Serious HABITS

Last year’s winner of the Academy Award for Best Foreign Film was Ida, the first Polish entry to be so honored. This year, French film The Innocents may be nominated in the same category and may well win. Both are remarkable, sharing similar subjects and settings, though quite different in approach. In each case, though, the result is profoundly moving and memorable.

Set in 1960s Poland, Ida is the story of young orphaned novice Ida (Agata Kulesza) who, about to take her vows to become a nun, is told by the Mother Abbess she must first meet with her aunt, of whose existence Ida was unaware. Traveling to the city, Ida learns from her Aunt Wanda (Agata Trzebuchowska) that she’s actually Jewish, her parents and brother murdered during the German occupation, along with Wanda’s infant son.

With her cynical, hard-drinking and promiscuous aunt, a Resistance fighter during the war and a stern judge for the People’s Court under the Soviet regime, Ida travels to her one-time family home to try to recover her family’s remains. The journey to their shared past is revelatory and transformative for the women, though in quite different ways.

Filmed in stark but stunning black-and-white, Ida is visually and thematically engrossing. Besides its Best Picture Oscar, it was also nominated for Best Cinematography, a highly unusual nod for a foreign film, but understandable in this case. The film’s compositions often frame its characters, particularly Ida, in a diminutive or uncentered position in regard to setting and environment. The story is about individuals nearly subsumed by their environment.

Director Pawel Pawlikowski created a masterpiece of nuance and intelligence that challenges interpretation as much as it evokes emotion. Both actresses, particularly the younger Kulesza, are simply unforgettable, their characters more imbued by their presence and gestures than by dialogue.

The final scene evokes Truffaut’s famous conclusion to The 400 Blows, in which a long tracking shot follows his adolescent rebel as he runs to an ambiguous confrontation with an uncertain future. Ida’s future might seem even more dubious to some viewers, but her experiences have been more profound than Truffaut’s young hero, and this time the camera precedes and faces her on the long path she has chosen.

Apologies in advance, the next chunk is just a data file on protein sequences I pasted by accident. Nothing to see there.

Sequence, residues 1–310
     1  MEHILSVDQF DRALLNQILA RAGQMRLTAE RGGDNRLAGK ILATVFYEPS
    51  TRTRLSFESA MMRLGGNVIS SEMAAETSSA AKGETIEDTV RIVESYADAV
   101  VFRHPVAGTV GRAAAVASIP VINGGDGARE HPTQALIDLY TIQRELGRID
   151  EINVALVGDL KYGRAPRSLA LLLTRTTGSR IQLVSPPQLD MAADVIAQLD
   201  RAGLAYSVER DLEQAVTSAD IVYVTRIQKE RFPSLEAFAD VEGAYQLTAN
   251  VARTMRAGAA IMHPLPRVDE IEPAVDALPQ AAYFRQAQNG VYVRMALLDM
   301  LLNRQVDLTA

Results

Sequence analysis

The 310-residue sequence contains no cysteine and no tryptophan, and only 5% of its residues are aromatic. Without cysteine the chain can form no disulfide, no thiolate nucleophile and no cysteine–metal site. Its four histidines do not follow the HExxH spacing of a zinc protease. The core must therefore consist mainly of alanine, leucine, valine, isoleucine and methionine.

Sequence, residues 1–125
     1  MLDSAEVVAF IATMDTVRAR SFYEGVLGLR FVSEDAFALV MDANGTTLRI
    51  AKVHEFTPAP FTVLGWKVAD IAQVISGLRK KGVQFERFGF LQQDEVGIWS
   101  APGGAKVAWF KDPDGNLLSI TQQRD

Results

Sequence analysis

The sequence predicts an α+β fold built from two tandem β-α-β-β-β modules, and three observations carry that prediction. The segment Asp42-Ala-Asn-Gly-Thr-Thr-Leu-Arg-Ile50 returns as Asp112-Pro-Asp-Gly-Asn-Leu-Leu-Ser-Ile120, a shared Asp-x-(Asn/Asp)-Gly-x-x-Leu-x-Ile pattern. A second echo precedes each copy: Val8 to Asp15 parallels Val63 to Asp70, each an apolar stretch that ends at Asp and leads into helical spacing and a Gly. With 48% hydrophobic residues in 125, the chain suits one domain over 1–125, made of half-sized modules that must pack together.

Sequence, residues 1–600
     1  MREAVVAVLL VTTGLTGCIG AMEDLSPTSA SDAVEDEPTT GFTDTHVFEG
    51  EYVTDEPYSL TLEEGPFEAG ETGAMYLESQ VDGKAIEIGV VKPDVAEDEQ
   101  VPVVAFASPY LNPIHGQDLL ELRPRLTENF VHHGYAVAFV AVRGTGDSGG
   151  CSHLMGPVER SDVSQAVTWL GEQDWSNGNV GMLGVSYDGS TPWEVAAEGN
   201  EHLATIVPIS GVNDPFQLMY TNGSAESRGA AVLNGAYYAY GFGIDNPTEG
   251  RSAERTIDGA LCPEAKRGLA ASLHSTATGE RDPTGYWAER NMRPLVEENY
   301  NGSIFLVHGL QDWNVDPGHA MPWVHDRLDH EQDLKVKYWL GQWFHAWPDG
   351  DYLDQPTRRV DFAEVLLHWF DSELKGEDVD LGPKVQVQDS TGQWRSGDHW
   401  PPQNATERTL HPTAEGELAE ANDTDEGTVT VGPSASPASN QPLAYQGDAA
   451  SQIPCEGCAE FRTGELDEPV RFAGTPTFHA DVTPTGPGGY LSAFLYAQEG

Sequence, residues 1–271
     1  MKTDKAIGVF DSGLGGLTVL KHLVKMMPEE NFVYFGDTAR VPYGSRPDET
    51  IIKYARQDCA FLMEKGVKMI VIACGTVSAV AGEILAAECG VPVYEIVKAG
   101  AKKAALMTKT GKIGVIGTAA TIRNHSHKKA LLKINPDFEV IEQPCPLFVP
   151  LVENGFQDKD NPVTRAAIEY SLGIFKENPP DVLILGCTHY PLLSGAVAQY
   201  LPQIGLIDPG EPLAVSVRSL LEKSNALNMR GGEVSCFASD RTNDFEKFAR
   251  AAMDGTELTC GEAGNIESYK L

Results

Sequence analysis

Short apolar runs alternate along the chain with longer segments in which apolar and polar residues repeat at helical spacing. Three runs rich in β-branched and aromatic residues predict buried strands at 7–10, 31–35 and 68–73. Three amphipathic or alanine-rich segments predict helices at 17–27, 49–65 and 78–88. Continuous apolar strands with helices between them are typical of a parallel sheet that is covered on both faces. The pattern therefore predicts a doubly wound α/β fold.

Certainly provocative and open to interpretation, Pawlikowski’s ending seems far more affirmative to me than not. Still, like Ida as a whole, it’s beautiful and unforgettable.

The Innocents, taking a different approach to a similarly themed subject, is just as memorable, though far less nuanced. Based on true events, the story focuses on Mathilde (Lou de Laage), a young French doctor with the Red Cross in Soviet-occupied Poland in December 1945, and her efforts to aid nuns in a nearby convent, many of whom have become pregnant after being raped by invading Russian soldiers.

Unlike Ida, the French film (directed by Anne Fontaine) focuses on several different thematic dilemmas arising from various characters’ conflicting beliefs and cultural backgrounds. Committed to aiding the unfortunate women, Mathilde must first overcome their shame and reluctance to expose themselves to physical examination and possible scandal. Then there’s the real problem of what to do with the babies, which leads to two of the film’s most excruciating and exultant moments.

The Innocents has more characters, and so explores in more complicated variations the conflict between religious faith and secular humanism — a key component of Ida. In The Innocents, the reluctant nuns must decide whether to allow help from Mathilde’s Jewish colleague. Moreover, there’s the abiding question of God’s will and the existence of obvious evil.

Two of the very best films I’ve seen this past year, Ida and The Innocents are testaments to the power of the human spirit and the role of cinema as art as well as entertainment.